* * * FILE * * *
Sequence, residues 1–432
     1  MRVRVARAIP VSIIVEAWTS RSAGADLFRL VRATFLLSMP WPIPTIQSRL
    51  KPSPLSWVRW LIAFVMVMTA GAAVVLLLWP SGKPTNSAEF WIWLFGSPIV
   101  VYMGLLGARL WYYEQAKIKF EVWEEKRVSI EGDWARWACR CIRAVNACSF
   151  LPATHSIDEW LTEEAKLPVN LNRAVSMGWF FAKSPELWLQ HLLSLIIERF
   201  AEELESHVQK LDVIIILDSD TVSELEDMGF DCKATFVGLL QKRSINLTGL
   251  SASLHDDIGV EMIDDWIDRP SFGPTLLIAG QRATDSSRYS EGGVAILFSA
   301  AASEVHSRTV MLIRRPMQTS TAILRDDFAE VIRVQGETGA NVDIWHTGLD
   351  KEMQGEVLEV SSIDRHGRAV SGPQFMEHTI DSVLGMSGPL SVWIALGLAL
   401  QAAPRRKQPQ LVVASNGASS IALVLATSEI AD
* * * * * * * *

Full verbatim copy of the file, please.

Sequence, residues 1–432
     1  MRVRVARAIP VSIIVEAWTS RSAGADLFRL VRATFLLSMP WPIPTIQSRL
    51  KPSPLSWVRW LIAFVMVMTA GAAVVLLLWP SGKPTNSAEF WIWLFGSPIV
   101  VYMGLLGARL WYYEQAKIKF EVWEEKRVSI EGDWARWACR CIRAVNACSF
   151  LPATHSIDEW LTEEAKLPVN LNRAVSMGWF FAKSPELWLQ HLLSLIIERF
   201  AEELESHVQK LDVIIILDSD TVSELEDMGF DCKATFVGLL QKRSINLTGL
   251  SASLHDDIGV EMIDDWIDRP SFGPTLLIAG QRATDSSRYS EGGVAILFSA
   301  AASEVHSRTV MLIRRPMQTS TAILRDDFAE VIRVQGETGA NVDIWHTGLD
   351  KEMQGEVLEV SSIDRHGRAV SGPQFMEHTI DSVLGMSGPL SVWIALGLAL
   401  QAAPRRKQPQ LVVASNGASS IALVLATSEI AD